When presenting a paper, ideas, or observations it is easy to get into a “preaching mode”. Please believethat in doing this paper for the 3rd or 4th time it has been a chore to avoid just that! I am and will attempt to convey by my own experience and observationswhat I have learned and observed through almost 49 years of being a member of this fraternity as it deals with the topics of this paper.
From my years in the US Navy, businesses that I have been involved in, either as an employee or owner, and this fraternity, I have worked to try and learn all that I could about those tasks, jobs or offices that had been assigned to me or elected to fill.
As an employee one must work and contribute to help the business grow, and to be profitable. As the business grows, you will be recognized for your contribution with pay raises and promotions, if, you have not only worked, but studied and learned as many aspects of that business as possible. You must prove to your employer that you are an asset to him!
As a business owner you must work harder and contribute more than any employee you may have to achieve success. You must learn the different aspects of that business because you cannot supervise or instruct others unless you at least have a basic understanding of each facet of your business. Fail doing this and your business will fail!
As a Lodge Officer, it was my goal to not only learn every aspect of the office that I occupied, but the one that I would fill if I proved myself proficient to the Lodge. As Master of the Lodge, I knew the duties of every station and place, opening and closings, degrees, and lectures. The Master’s duty is not only to lead the Lodge but to instruct where needed, and to set the example for those to follow.
The first rule of leadership is to never ask or direct someone to do something you have not done or would not do yourself. To be a good leader you must know all the aspects of the job or position you are filling, and the duties associated with that position. Ignorance is not an effective leader!
Which brings us to the main topic of this Paper “Commitments and Responsibility”.
There are Lodges in this State that will take any “warm” body and put it in office, knowing that the individual is not qualified, and has no clue as to the duties and responsibilities required. This contributes toan already serious issue of declining membership, and Lodge closings. The Lodge is a business, and like any business with poor, untrained, or careless management,it will fail!
From 75,000 members to 19,000 members in 60 years is quite an accomplishment in reverse! Due to population increases one would have expected the opposite!
Knowing that the reasons for the decline may have multiple reasons, and the fact that no one has put a finger on the exact cause; rest assured that Lodge attitudes, management, and leadership have been contributing factors.
Rather than electing those who are unqualified or have the attitude they are doing the Lodge a favor by serving; choose a knowledgeable Past Master for that elected Place or Station. Knowledgeable, strong, and caring leadership will work miracles in any organization!
At a Stated Meeting in June, prior to June 24th, every Lodge in the State of Alabama will have their Annual Meeting, and among other items on the agenda, theelection of Lodge Officers for the ensuing year will take place. This Election is the most important event of the year for any Lodge. It will determine by increments, the future success or failure of a Lodge.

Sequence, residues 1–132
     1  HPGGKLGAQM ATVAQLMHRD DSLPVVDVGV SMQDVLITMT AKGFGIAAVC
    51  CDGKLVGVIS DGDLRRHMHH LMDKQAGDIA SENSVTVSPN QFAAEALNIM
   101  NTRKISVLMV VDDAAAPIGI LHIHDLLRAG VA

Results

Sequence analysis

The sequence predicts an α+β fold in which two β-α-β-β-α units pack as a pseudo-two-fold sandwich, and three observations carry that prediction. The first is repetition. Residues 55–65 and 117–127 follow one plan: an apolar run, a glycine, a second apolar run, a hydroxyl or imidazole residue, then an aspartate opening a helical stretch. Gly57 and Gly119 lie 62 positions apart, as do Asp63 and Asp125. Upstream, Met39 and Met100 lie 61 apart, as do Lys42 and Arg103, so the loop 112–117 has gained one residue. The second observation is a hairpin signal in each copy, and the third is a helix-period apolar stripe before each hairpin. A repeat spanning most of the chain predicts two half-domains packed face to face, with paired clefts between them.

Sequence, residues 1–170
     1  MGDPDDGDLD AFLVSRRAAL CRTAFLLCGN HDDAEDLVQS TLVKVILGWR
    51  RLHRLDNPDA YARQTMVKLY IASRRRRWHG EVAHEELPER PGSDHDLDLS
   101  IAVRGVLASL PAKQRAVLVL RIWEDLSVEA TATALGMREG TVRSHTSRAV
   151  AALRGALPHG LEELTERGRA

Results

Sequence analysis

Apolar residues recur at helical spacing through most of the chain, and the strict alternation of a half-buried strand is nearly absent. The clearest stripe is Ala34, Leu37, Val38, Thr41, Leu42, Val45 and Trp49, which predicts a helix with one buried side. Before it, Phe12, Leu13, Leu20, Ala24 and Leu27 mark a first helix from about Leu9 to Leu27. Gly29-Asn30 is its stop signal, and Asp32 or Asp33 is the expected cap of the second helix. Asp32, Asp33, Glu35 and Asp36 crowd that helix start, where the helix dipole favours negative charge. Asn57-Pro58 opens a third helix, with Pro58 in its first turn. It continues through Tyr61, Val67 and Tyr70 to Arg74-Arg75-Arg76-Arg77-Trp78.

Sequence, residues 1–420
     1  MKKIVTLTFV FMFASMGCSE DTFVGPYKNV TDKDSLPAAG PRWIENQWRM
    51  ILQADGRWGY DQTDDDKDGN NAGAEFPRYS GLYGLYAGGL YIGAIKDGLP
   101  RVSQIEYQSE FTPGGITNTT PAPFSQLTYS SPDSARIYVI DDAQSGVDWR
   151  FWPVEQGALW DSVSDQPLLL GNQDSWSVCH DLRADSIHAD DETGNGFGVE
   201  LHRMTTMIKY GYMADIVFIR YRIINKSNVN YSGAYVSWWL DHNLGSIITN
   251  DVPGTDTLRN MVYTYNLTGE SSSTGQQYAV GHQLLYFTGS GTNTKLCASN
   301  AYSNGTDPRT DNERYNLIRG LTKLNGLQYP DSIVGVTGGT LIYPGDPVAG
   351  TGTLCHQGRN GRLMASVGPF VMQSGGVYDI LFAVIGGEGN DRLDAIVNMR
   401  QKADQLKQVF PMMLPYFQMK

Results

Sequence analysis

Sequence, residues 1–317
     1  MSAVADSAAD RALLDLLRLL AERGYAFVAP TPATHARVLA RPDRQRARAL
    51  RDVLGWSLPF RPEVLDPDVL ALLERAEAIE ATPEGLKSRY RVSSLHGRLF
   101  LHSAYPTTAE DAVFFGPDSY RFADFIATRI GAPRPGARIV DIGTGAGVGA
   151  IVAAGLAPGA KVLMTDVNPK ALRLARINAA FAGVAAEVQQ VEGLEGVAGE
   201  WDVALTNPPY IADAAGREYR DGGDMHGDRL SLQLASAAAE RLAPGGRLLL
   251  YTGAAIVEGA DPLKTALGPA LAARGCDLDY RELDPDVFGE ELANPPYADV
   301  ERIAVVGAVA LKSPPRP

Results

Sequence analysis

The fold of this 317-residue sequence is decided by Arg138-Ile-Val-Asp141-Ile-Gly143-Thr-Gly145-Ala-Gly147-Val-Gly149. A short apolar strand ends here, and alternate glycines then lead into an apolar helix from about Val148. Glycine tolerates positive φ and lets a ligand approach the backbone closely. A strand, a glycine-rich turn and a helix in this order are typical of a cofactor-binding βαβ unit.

This is also when those currently occupying their respective Offices anticipate and expect to be elected to the next highest office in the Lodge, because most Lodges believe in a “progressive line” where Officers are elected to the next highest office based entirely on seniority. Those seeking office at the bottom of the rotation or to fill vacancies created by those dropping out, start letting others know of their desire to have one of those offices.
The Ancient Landmarks, which you may find in your “Monitor”, in Article IV state; “All preferment among Masons is grounded upon real worth and personal merit only, that so the Lord may be well served; the brethren not put to shame, nor the Royal Craftdespised; therefore, no Master or Warden is chosen by seniority, but for his merit.
Prior to the election of Officers, the Brethren of the Lodge need to evaluate not only those seeking office, but those currently holding office, and wanting to be advanced. The election process should be approached as a performance review for those currently holding office, and job interview for those seeking office. Just because Brother John Henry Jones was Senior Deacon does not qualify him for the next office, or to be retained in his existing Office, unless he has provenhimself to be attentive to the duties and responsibilities required of him in his present position.
For those currently holding elected office, especially that of the Junior and Senior Warden; ask yourself before casting a vote; have they faithfully attended the
Stated and called meetings of the past year, have theystudied and shown proficiency, not only in their currentoffice, but the one they seek. Have they displayed initiative, have they lived up to their commitment to perform the duties of their office to the best of their ability? Have they exhibited leadership; have they studied and made themselves familiar with the Masonic Code. In your mind are they qualified to lead the Lodge in the office of Master? If you cannot come up with a positive answer to these questions you are not doing the Lodge any favors by advancing them!